Glow, little glow-worm,
shimmer, shimmer . . .
Have you ever wondered why glow-worms shimmer?
Probably not, especially if, like me, you wouldn’t know a glow-worm from a tapeworm and wouldn’t care to meet either one.
But maybe you’ve seen fireflies dancing in the dark, or, on a more practical note, been thankful for the little glowing spots on your old-fashioned analog alarm clock that tell you it’s three o’clock in the morning when you’re awakened by a strange noise.
All of these are examples of luminescence, a phenomenon that is of great interest to scientists and great practical use to everyone else.
Luminescence is defined as “light emission that cannot be attributed merely to the temperature of the emitting body.” Almost anything will glow if it gets hot enough, unless it oxidizes (burns) first; the point is that luminescent substances glow even when they aren’t particularly hot.
Luminescence is named according to what triggers it. If it comes from a chemical reaction, it’s called chemiluminescence. If it occurs in a living thing (such as a glow-worm, presumably), it’s called bioluminescence.
Then there’s cathodoluminescence, caused by the bombardment of electrons (as in your television set), radioluminescence, caused by the bombardment of X or gamma rays, photoluminescence, caused by the bombardment of visible, ultraviolet or infrared light, electroluminescence, caused by the presence of an electrical field, etc., etc., etc.
These classifications are convenient, but they don’t really establish a distinction among the various kinds of luminescence. The bioluminescence of a firefly, for example, is caused by chemical reaction and is therefore also chemiluminescence.
Another way in which luminescence is sometimes divided is into fluorescence and phosphorescence. Basically, an object is fluorescent if it glows while being excited by some form of energy, but stops as soon as the energy is withdrawn. It is phosphorescent if it continues to glow for a while after the energy input ceases.
Even this isn’t a real distinction, because it depends on how sensitive your measuring instrument is. If an object glows for a fraction of a second after the energy input ceases, is it “merely” fluorescent, or is it weakly phosphorescent? Hmm?
The more precise definition of the two terms is that an object is fluorescent if its afterglow is independent of temperature and phosphorescent if its afterglow decreases with increasing temperature. To understand why that is a real distinction, you have to understand why things glow in the first place.
(By the way, the “glow” doesn’t have to be visible light. X-rays are a form of luminescence created by bombarding a metal screen with an electron beam, and most of us are familiar with “black light” lamps that luminesce in ultraviolet.)
Any state of matter can luminesce, but the most basic example, and the easiest one to explain, is an isolated atom of a gas. This lonely atom can exist only at specific levels of energy. The lowest level, the most stable and the one it’s usually at, is called the ground state.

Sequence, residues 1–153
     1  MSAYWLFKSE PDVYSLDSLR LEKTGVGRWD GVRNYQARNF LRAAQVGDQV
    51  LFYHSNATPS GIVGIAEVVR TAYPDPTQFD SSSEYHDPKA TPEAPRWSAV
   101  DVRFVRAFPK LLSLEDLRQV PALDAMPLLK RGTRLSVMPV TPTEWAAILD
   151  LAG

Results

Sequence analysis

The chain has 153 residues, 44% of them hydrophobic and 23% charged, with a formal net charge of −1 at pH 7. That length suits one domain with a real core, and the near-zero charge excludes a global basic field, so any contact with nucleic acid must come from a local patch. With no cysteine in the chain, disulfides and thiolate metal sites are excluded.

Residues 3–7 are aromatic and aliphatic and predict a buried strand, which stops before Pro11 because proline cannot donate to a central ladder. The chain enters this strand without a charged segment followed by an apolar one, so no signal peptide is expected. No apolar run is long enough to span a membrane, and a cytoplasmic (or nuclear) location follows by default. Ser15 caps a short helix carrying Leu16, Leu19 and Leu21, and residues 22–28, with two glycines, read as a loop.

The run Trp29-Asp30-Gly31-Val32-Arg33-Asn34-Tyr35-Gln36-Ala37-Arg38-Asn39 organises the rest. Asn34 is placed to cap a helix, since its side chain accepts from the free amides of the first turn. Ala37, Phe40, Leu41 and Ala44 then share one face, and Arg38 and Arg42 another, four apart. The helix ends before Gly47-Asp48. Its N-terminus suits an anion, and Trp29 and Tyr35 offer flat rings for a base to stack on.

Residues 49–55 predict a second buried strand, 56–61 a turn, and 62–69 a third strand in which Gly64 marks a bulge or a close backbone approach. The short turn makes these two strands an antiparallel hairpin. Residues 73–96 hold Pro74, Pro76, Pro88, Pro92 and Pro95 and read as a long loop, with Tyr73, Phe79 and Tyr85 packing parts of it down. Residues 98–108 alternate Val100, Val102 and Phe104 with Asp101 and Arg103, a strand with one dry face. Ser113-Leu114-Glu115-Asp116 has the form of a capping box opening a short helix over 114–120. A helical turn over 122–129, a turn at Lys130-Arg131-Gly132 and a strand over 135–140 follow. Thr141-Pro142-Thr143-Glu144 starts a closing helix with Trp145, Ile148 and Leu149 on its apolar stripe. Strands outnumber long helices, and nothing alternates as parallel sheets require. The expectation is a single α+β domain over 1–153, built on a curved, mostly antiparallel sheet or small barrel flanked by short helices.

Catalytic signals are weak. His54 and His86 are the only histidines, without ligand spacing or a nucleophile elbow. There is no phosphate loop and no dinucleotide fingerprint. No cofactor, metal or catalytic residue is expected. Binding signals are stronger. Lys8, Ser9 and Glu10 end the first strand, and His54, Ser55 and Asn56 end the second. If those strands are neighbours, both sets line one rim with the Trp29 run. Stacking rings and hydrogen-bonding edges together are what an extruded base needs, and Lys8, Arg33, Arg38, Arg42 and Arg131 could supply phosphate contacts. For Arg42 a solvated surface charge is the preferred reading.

In fluorescence, this atom is briefly excited by the absorption of energy–say, the electrical field in a neon light–but because that higher level of energy is unstable, it quickly falls back to the ground state, releasing energy in the form of a photon. If the energy that excited it to begin with is still around, it gets excited again and falls back again, releasing another photon each time, over and over and over. But once the excitation ceases (the light is turned off), the atom falls to its ground state and can’t get up–and no more photons are emitted.
However, in phosphorescent substances (called phosphors), there is an intermediate state between the ground state and the excited state, called a metastable state. An atom may stay in this state for an indefinite period of time, and cannot fall from there to its ground state. In order to get back to the ground state it first has to absorb enough energy to go back up to its excited state, from which it can fall all the way back to ground state, emitting its photon as it does so. It is this waiting around in the metastable state that makes the afterglow last so long in a phosphor.
One way an atom can be boosted from the “in-between” metastable state is by colliding with another atom. Hot atoms move around more than cold atoms, so in a hot phosphor, you get a bright but short afterglow as all the metastable atoms are quickly boosted back up to the excited state and then fall to ground state, while in a cold phosphor you get a long afterglow of low intensity.
Now the heat-related distinction between fluorescence and phosphorescence makes sense. (I hope.)
Very few pure solids are luminescent; most of those used commercially are created by adding substances called “activators,” (manganese, for example), which confer luminescent properties on the material into which they are placed. This is usually done by grinding the host and the activator into very fine powders and mixing them under high temperatures.
There are also substances called “poisons,” mainly from the iron-nickel-cobalt group, which can quench luminescence.
Luminescent substances are all around us, in everything from TV sets to neon signs to X-ray machines to lasers. The study of luminescence also gives insight into the structure of various materials. It really is a broad and fascinating field.
In fact, I get a warm glow just thinking about it.